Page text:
Fritz Wilson began his career racing motorcycles when he was a teenager and graduated to stock cars in 1947. He won the first stock car race he entered that season. He went on to win several modified and late model championships at Colorado National Speedway, Englewood Speedway and Lakeside Speedway, and competed at tracks across the country.
Wilson took part in the Grand National Series, now NASCAR, for three seasons (1959, 1960 and 1965). He never won a race in the series but earned three top-five and four top-10 finishes Yet, Wilson is remembered fondly for accomplishing a particular feat in the series in 1959. After qualifying in the No. 3 position, he was the first driver to lead the Daytona 500 in its inaugural race.
However, the 500, the third event of 44 on the series that year, wasn’t a successful venture for Wilson. He was forced to retire on the 15th lap because of a blown piston and finished 56th in the 59-car field. He earned $100, while the winner, Lee Petty, collected $19,050. Wilson’s car in that event, a 1959 Ford Thunderbird, was placed in the Daytona 500 Museum.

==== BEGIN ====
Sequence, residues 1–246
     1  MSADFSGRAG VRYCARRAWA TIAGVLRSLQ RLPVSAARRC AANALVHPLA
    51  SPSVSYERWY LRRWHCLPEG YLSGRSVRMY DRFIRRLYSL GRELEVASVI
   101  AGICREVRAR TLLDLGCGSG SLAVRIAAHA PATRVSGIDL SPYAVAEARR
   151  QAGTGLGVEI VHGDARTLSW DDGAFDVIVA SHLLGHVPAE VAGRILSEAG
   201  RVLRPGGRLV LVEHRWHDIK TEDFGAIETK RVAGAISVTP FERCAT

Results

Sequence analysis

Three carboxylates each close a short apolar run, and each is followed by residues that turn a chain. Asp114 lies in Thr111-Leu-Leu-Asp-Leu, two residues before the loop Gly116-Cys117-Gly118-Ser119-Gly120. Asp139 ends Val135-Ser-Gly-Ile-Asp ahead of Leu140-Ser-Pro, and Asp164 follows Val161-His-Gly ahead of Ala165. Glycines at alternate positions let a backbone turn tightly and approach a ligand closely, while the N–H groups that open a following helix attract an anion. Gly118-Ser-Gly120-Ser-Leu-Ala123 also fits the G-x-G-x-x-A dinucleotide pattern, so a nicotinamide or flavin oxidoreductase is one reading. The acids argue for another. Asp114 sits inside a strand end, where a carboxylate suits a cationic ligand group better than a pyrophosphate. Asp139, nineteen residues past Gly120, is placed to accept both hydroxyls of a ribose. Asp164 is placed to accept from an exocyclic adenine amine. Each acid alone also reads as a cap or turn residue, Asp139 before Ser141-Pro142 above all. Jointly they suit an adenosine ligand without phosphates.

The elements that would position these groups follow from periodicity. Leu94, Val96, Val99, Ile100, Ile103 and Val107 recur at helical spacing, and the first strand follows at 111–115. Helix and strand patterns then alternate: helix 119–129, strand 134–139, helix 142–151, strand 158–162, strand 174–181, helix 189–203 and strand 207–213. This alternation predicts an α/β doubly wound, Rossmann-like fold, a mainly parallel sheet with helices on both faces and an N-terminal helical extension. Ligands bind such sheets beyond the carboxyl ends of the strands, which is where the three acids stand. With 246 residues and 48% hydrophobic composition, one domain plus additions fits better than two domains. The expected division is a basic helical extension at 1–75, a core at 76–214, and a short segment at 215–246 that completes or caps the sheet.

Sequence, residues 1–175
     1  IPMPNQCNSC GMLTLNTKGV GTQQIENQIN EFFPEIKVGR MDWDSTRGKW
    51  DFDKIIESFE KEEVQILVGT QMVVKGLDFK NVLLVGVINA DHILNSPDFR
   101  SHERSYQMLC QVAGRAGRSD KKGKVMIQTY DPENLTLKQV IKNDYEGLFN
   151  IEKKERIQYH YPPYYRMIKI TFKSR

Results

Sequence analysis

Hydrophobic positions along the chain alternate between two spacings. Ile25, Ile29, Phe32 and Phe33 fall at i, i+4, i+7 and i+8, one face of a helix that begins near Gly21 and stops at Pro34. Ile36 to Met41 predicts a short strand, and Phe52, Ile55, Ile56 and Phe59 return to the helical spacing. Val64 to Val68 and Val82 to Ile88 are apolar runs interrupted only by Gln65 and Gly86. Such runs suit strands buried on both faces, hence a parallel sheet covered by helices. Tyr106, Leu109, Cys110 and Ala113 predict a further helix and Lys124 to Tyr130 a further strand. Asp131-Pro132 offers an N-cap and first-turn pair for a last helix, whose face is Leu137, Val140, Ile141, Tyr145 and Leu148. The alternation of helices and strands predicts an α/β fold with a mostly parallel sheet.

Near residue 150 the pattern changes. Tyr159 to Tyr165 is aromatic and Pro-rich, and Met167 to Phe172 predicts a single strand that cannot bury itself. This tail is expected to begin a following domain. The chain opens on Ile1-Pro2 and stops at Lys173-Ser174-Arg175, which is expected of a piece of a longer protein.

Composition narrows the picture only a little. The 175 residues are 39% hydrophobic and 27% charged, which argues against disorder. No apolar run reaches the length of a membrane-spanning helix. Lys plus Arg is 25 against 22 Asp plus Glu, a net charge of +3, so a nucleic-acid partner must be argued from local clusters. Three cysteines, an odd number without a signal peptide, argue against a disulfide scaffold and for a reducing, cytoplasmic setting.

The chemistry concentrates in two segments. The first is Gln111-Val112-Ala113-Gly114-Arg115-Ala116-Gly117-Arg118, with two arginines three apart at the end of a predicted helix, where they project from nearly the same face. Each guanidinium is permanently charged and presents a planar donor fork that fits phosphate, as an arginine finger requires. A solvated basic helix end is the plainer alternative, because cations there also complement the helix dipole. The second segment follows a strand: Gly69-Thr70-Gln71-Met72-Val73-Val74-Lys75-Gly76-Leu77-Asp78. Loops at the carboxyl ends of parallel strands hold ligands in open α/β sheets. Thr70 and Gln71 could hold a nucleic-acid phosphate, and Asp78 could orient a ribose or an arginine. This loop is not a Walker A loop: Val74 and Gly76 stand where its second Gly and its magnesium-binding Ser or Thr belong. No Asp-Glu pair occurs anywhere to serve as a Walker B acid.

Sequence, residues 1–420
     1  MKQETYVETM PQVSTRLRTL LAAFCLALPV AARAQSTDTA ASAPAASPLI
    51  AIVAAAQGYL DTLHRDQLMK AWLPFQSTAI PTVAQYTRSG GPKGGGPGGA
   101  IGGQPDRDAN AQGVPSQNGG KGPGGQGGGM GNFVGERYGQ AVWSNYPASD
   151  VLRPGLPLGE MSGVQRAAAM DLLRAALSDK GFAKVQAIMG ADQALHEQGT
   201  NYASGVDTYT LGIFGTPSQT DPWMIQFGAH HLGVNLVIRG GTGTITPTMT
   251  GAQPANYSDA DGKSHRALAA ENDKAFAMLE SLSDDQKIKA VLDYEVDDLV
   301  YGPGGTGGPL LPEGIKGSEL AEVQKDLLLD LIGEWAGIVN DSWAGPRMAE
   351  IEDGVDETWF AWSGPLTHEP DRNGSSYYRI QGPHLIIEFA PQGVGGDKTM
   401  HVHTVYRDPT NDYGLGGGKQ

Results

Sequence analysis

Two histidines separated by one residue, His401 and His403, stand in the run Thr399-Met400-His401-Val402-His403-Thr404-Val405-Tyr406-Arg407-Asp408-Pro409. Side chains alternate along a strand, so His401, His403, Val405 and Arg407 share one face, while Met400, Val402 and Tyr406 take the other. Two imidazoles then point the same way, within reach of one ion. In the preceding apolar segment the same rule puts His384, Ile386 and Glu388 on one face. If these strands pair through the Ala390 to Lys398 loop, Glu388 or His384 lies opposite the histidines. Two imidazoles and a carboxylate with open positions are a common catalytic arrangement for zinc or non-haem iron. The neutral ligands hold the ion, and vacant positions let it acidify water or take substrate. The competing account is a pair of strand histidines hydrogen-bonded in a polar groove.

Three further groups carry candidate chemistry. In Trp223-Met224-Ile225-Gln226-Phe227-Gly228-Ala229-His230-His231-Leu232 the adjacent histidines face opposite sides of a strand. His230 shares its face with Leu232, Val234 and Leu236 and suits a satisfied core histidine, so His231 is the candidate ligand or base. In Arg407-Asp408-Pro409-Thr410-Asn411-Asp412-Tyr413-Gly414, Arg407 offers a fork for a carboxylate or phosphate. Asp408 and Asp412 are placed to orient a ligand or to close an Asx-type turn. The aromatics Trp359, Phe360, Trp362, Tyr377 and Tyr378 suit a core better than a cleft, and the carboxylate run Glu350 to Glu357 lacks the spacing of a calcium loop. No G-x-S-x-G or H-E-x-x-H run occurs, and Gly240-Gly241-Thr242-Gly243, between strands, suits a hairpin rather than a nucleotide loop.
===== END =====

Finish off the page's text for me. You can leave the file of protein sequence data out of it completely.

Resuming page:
Wilson also competed in the Pikes Peak Hill Climb. In 1965, he finished second in the open wheel division to Parnelli Jones. Wilson also won the Sahara Late Model Open in 1975 in Las Vegas, one of the biggest national wins of his career. Wilson also was cited as one of the drivers who helped pioneer the tactic of drafting in stock car racing. He retired in the late 1980s.